Analyst firm Gartner has hit out at the FBI’s continued attempts to force Apple into circumventing iOS security, arguing that it should focus its efforts away from the courtroom and on traditional intelligence work.
Gartner distinguished analyst Avivah Litan argued in a blog post that rather than going through the courts to “strong arm” Apple into writing code “that potentially harms the rest of us in significant ways,” the Feds should take a data science-led approach, analyzing metadata with advanced algorithms and analytics to help with their investigation.
Although the shooters destroyed two devices, likely to have been used to organize the attack, the FBI knows the number of the personal/work iPhone that is at the center of the current court case.
“Its agents can obtain location and cellular records on other phones that traveled alongside that iPhone as the terrorists moved around,” she explained. “It can be reasonably assumed that the San Bernardino terrorists carried both their personal and ‘work’ phones on them together at the same time, most of the time for the mere sake of convenience.”
Citing an unnamed former intelligence officer, she claimed the FBI could first make several assumptions about the attack: that the two shooters used a dedicated device to organize the plot; visited the scene of the attack at least once in the days leading up to the incident; and that they turned the “operational” device off shortly beforehand.
“A good investigator could take the assumptions above and then go scan cellular network records (which they already have the right to obtain) to try and find this assumed pattern of behavior – starting with the shooter’s iPhone as an anchor data element,” Litan explained.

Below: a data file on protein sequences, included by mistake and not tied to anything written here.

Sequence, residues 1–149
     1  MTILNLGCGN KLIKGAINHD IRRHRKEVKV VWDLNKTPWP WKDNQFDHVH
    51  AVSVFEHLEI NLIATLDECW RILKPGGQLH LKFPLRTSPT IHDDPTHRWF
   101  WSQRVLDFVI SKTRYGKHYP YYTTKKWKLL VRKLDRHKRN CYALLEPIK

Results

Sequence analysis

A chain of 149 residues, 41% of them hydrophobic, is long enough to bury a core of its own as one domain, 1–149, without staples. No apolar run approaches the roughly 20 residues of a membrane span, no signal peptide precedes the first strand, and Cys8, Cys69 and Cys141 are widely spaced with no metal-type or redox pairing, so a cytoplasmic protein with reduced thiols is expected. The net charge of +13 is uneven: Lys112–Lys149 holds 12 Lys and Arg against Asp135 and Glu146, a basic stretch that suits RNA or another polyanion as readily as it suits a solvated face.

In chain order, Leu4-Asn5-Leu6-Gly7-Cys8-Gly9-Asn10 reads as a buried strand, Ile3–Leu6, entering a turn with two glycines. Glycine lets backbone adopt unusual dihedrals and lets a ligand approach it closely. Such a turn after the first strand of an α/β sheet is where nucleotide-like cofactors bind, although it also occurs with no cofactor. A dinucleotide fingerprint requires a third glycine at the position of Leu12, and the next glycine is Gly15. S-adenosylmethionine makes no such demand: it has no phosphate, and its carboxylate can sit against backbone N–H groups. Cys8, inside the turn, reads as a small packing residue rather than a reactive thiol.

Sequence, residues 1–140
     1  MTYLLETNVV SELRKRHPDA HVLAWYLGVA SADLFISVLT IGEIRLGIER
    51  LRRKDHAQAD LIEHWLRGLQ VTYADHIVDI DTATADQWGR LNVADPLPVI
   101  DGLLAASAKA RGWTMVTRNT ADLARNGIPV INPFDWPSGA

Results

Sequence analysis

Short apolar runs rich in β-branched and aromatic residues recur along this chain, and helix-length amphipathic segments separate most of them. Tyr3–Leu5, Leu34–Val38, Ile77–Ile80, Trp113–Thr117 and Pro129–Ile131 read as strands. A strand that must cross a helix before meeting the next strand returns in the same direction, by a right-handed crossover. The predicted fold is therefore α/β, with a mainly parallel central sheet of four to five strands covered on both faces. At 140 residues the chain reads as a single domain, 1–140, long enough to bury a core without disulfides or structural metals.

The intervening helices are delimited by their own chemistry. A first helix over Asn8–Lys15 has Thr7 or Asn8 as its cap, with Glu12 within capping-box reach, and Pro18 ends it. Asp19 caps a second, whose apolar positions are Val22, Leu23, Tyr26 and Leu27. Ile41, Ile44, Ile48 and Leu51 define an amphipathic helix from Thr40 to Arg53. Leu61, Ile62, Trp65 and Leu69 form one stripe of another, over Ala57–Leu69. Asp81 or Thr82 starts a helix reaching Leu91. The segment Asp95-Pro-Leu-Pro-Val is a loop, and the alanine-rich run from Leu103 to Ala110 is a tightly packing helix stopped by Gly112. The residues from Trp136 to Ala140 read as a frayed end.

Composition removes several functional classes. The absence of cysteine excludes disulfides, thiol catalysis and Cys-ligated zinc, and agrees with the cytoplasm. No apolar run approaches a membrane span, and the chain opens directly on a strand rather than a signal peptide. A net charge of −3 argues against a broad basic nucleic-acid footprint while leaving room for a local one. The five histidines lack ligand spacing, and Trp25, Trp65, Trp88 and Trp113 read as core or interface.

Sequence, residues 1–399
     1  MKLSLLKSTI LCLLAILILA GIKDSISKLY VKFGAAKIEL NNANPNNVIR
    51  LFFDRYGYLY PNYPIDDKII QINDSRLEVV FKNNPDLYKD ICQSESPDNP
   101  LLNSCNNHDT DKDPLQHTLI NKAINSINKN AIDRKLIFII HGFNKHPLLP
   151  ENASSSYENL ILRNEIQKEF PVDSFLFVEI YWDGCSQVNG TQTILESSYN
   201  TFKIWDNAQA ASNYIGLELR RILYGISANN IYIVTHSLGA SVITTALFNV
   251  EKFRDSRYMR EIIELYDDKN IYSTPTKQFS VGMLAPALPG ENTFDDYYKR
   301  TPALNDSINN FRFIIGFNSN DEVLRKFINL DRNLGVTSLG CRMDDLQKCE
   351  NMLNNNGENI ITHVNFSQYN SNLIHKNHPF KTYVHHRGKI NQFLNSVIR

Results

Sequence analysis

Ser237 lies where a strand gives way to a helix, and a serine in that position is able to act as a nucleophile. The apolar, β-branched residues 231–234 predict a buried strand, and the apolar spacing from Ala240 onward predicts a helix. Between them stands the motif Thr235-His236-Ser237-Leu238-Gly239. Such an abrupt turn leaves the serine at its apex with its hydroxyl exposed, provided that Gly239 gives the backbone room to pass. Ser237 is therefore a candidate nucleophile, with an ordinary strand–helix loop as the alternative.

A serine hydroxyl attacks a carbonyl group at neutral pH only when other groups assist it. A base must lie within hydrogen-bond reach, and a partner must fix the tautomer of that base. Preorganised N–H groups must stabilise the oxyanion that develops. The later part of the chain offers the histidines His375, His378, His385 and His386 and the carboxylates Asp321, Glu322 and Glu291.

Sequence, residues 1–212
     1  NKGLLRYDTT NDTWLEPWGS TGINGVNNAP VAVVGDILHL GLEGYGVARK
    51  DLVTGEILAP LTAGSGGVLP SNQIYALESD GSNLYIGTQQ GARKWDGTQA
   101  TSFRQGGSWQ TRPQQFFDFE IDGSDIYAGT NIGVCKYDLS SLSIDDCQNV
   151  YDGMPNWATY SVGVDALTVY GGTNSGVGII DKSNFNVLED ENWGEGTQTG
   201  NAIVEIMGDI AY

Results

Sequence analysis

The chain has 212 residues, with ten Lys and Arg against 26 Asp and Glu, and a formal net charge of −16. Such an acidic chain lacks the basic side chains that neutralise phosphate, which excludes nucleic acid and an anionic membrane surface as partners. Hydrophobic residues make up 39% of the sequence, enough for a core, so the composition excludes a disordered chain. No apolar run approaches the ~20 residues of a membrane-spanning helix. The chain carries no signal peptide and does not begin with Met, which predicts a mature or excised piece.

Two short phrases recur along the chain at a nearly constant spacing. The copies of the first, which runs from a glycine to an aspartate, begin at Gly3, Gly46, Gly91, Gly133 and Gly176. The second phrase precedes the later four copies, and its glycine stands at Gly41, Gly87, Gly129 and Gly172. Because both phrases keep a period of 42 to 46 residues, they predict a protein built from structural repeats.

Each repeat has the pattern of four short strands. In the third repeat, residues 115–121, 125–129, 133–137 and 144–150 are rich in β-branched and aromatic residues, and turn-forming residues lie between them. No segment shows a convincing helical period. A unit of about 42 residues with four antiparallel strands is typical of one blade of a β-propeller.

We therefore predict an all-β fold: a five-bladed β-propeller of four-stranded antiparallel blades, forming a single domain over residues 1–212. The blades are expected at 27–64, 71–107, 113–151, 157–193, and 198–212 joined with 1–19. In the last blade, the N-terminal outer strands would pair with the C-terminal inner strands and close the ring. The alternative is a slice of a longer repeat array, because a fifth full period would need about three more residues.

“Using data mining and various algorithms, they could pinpoint the attackers’ communications and discover the network of individuals they communicated with, some of which no doubt would be the collaborators the FBI and the rest of us are so eager to find. (For whatever it is worth, I doubt very much Farook left a trail of any collaborators on his work/personal iPhone when he went to the trouble to smash two other phones he possessed into smithereens before his attack).”
Even if Apple were to grant the FBI access to the iPhone in question, using this kind of metadata should be more efficient than listening to hours of phone conversations or reading reams of texts and emails, where any important information can be hard to spot, she added.
That’s an argument also made by former NSA technical director, William Binney, who testified to the Joint Committee on the Draft Investigatory Powers Bill in January that mass surveillance has cost lives in the past because it inundates analysts with data.
“The alternative approach based on experience is to use social networks as defined by metadata relationships and some additional rules to smartly select data from the tens of terabytes flowing by,” he said at the time.
By analyzing the metadata culled from the San Bernardino investigation, the FBI could discover patterns of communications indicating links with fellow terrorists and sympathizers, and from there link to the IP addresses and phone numbers of these people.
“There’s plenty of data out there for the FBI to work with,” concludes Litan. “I wish they would stop bullying Apple and the technology industry around and spend their time and energy instead on figuring out how to rise to the challenge.”
Apple got a boost in its legal battle with the US Justice Department this week when a Brooklyn magistrate in a separate case backed the tech giant, claiming the All Writs Act of 1789 couldn’t be used to compel Apple to circumvent the security of a device.